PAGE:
Shortly moon to be turned into cosmic ray detector

Shortly moon to be turned into cosmic ray detector
Highlights

A new research has revealed that scientists will try to turn the Moon into a giant particle detector to help understand the origin of Ultra-High-Energy (UHE) cosmic rays.

London: A new research has revealed that scientists will try to turn the Moon into a giant particle detector to help understand the origin of Ultra-High-Energy (UHE) cosmic rays.

Physicists detect the UHE cosmic rays, which are the most energetic particles in the Universe, on Earth at a rate of less than one particle per square kilometre per century.

Lead author Justin Bray from the University of Southampton is of a proposal to use the Square Kilometre Array (SKA), set to become the largest and most sensitive radio telescope in the world, to detect vastly more UHE cosmic rays by using the Moon as a giant cosmic ray detector.

On Earth, physicists detect these high-energy particles when they hit the upper atmosphere triggering a cascade of secondary particles that generate a short and faint burst of radio waves only a few nanoseconds long and it is this signal that astronomers hope to pick up from the Moon, but as these signals are so short and faint no radio telescope on Earth is currently capable of picking them up.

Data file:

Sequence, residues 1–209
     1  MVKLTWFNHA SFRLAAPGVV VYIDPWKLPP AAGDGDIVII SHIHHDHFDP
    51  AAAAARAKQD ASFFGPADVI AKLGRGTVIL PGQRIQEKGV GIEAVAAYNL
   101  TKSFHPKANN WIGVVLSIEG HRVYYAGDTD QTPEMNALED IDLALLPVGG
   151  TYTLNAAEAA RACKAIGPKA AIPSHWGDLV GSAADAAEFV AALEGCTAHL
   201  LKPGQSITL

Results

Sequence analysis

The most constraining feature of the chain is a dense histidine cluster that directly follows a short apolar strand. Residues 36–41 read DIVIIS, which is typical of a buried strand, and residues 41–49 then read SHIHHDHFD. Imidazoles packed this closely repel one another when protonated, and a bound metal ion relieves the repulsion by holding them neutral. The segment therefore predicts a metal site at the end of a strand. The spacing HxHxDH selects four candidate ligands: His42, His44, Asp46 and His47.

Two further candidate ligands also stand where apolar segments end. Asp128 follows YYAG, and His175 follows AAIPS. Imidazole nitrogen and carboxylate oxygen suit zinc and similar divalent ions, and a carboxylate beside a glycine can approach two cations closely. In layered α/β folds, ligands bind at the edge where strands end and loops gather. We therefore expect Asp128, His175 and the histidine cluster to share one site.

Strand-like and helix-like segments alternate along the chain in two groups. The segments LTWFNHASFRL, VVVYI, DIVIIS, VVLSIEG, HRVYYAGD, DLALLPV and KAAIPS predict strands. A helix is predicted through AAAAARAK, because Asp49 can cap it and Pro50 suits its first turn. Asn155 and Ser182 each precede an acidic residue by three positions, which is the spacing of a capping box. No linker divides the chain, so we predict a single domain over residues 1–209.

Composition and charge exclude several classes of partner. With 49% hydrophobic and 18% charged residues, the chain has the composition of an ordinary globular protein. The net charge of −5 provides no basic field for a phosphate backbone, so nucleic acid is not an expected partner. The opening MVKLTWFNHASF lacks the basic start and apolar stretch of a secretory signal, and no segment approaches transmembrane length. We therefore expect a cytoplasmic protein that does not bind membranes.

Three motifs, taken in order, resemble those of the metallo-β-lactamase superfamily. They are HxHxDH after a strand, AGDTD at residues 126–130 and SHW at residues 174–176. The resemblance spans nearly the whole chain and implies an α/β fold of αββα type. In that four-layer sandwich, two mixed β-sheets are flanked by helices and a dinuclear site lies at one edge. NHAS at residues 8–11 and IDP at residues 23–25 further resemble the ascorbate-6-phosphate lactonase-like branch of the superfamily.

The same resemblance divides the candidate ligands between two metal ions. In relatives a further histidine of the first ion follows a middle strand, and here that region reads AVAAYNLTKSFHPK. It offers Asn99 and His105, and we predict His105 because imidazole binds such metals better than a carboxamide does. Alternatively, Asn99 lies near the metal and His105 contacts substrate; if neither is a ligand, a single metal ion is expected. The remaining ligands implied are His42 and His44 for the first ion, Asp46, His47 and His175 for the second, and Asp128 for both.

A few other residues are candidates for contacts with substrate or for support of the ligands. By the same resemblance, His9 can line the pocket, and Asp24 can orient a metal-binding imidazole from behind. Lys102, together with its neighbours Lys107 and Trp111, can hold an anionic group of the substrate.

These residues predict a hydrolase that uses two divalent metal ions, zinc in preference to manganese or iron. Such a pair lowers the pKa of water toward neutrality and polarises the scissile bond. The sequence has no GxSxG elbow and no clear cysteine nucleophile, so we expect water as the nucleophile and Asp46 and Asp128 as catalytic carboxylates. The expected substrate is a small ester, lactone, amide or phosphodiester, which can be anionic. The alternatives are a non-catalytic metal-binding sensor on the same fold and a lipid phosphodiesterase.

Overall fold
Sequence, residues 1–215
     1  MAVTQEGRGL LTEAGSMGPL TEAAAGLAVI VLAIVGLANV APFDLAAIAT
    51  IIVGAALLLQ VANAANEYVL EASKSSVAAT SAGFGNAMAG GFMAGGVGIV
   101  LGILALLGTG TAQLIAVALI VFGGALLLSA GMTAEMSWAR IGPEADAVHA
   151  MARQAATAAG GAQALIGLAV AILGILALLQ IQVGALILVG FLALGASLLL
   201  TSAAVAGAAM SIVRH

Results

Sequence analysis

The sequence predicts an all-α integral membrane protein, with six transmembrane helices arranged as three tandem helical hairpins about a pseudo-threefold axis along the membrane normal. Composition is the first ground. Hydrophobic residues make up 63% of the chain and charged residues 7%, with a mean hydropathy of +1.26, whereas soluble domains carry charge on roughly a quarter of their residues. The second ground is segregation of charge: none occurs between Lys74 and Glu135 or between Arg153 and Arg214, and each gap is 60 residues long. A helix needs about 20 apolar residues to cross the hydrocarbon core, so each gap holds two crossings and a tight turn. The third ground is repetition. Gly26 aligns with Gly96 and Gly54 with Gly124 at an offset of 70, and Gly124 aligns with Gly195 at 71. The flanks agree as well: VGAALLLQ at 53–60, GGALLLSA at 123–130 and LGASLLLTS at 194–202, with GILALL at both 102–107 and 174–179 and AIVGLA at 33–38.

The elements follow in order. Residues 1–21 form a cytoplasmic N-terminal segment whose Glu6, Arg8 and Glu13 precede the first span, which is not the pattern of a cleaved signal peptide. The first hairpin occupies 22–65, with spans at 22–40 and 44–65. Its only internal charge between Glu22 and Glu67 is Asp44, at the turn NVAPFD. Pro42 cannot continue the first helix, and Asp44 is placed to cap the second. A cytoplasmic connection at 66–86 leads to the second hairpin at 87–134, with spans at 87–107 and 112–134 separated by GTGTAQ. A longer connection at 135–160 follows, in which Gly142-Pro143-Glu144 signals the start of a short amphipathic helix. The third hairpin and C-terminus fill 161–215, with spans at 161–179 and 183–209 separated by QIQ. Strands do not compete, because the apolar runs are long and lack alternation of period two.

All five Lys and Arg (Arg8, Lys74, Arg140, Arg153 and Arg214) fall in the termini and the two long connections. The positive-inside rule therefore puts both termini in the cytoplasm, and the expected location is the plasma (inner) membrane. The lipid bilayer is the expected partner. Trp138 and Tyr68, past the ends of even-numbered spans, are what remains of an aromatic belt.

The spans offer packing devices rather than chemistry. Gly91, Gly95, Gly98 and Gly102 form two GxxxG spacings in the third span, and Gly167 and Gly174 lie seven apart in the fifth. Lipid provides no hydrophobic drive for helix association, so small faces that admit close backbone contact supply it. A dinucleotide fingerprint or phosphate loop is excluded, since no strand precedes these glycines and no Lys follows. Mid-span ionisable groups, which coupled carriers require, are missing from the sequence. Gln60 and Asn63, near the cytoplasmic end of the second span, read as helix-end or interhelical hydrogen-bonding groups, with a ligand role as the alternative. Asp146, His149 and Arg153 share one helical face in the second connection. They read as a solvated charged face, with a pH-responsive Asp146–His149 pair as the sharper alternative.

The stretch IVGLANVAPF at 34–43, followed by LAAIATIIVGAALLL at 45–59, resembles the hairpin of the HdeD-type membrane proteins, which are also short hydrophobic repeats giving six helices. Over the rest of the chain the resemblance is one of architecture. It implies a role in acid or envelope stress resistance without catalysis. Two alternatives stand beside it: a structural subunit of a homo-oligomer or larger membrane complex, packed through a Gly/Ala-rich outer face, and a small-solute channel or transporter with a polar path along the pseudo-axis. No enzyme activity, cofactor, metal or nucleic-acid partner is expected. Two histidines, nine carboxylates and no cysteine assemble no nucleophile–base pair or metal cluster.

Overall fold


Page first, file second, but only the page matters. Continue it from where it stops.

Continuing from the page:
With its large collecting area and high sensitivity, the SKA will be able to detect these signals using the visible lunar surface - millions of square kilometres - giving the researchers access to more data about UHE cosmic rays than they have ever had before.

The current largest detector on Earth is the Pierre Auger Observatory in Argentina that covers an area of 3,000 square kilometres, about the size Luxembourg. The SKA will be more than 10 times larger (33,0000 square kilometres) and researchers hope to detect around 165 UHE cosmic rays a year from the Moon compared to the 15-a-year currently observed.

Bray added that cosmic rays at these energies are so rare that one needs an enormous detector to collect a significant number of them, but the moon dwarfs any particle detector that has been built so far and if this works, it should give the best chance yet to figure out where they're coming from.

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